Carol Green, a teacher of the visually impaired, would use the Holman Prize to teach Braille, in the Navajo language, to blind children and adults in the Navajo Nation during a summer program that would also include life skills training.

Andrew Hasley, a biologist and geneticist, would use the Holman Prize to facilitate a conference for blind scientists and students from across the globe, called “Scienc’ing While Blind,” where participants could network and exchange tips and tools.

Markus Hawkins, a long time practitioner of the healing arts, would use the Holman Prize to travel to China to study the healing art of chilel, and then incorporate it into his practice upon returning home.

Conchita Hernandez, who is currently pursuing a doctorate degree in Special Education, would use the Holman Prize to create a workshop in her native Mexico for professionals in the blindness field, and blind people of all ages.

Andrew Hesser, would use the Holman Prize to travel throughout the UK producing nature documentaries to facilitate the blind and low-vision community’s connection to the great outdoors, all in character, using an alter ego named “Bryan.”

Justin Holland, a bodybuilder and video blogger, would use the Holman Prize to travel the world and engage with blind and low-vision communities, encouraging them to get involved in adventures and athletic activities.

Georgina Hollinshead, who says she was “born a crafter,” would use the Holman Prize to launch a social enterprise called Hook and Eye Crafts, geared toward teaching blind and visually impaired people the joys of knitting, crochet and cross-stitch.

Alieu Jaiteh, the founder of the blindness advocacy organization Start Now, would use the Holman Prize to provide various skills, including computer literacy, cane travel and Braille, to blind and low-vision participants in rural Gambia.

Ambrose Lasoy would use the Holman Prize to develop a program to enable his fellow blind and low-vision Kenyans to become dairy farmers and entrepreneurs.

Rachel Longan, a psychotherapist and singer, would use the Holman Prize to travel both the United States, and around the world to countries like Russia and Tanzania, teaching pre-existing vocal choirs how to make their organizations more accessible and accommodating for blind and low-vision participants.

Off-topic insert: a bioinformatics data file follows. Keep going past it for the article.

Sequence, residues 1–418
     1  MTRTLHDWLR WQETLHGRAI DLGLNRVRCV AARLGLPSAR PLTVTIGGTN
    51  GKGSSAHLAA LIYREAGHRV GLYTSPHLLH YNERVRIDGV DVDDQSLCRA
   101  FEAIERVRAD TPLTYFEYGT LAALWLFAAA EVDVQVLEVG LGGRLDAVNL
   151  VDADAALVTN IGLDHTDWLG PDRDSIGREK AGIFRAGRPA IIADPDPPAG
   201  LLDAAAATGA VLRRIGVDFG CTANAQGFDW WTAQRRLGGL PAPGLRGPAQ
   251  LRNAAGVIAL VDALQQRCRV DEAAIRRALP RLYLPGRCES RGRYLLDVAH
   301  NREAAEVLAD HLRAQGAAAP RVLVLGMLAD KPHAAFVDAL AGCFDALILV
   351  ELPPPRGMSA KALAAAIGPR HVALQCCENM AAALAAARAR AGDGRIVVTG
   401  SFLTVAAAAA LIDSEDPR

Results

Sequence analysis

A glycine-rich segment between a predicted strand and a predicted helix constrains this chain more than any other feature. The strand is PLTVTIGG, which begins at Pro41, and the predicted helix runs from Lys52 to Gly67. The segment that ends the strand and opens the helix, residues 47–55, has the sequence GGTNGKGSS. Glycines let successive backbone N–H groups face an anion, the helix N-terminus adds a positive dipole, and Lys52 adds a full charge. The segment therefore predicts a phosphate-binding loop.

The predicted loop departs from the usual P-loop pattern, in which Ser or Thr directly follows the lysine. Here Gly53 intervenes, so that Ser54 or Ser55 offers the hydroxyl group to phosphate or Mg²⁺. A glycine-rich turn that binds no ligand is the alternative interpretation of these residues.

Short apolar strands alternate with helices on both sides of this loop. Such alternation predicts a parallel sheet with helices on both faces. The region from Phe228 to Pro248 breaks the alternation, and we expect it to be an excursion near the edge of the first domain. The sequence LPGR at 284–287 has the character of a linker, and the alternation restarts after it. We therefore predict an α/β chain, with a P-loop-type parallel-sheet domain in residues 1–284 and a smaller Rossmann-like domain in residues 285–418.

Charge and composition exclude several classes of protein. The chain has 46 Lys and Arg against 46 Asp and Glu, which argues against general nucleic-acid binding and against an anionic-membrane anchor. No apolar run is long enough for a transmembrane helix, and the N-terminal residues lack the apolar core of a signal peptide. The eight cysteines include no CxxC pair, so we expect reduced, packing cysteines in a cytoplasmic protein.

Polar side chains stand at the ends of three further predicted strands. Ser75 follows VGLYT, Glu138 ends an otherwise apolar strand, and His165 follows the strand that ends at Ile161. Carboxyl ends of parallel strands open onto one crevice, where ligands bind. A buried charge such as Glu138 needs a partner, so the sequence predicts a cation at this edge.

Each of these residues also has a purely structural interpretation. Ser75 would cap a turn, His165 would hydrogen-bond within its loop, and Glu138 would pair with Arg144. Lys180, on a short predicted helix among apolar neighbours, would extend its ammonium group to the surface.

Rachel Magario, a seasoned traveler and video blogger, would use the Holman Prize to retrace the footsteps of James Holman’s first travels across Europe, for a video series called “In the Footsteps.”

Zahra Majid, who is currently pursuing a degree in media studies, would use the Holman Prize to travel and meet with visually impaired students around the world, in countries including Canada, the United States and Scandinavia, in order to gather a wealth of information for a database project she is calling VIAdvisor.

Dr. Sakui Malakpa, a university professor originally from Liberia, would use the Holman Prize to purchase laptops and other training tools for blind and low-vision communities in Liberia and Sierra Leone.

Michael McCulloch, a retired aerospace engineer, would use the Holman Prize to produce an audio described documentary film about his upcoming hiking trek to Machu Picchu, one of the Seven Wonders of the World. He would also write a book entitled “The Blind Man’s Guide to Machu Picchu,” containing hiking instruction, tips and more.

Louie McGee, an athlete and current high school senior, would use the Holman Prize to fund his training for the Iron Man competition, with a speaking tour to follow.

Francis Okello Oloya, a psychologist, would use the Holman Prize to create a guide dog program for his blind and low-vision community.

Joshua Pearson, an accessibility specialist and folk singer, would use the Holman Prize to record under-the-radar musicians around the world, in countries including the United Kingdom, Thailand, Vietnam and more.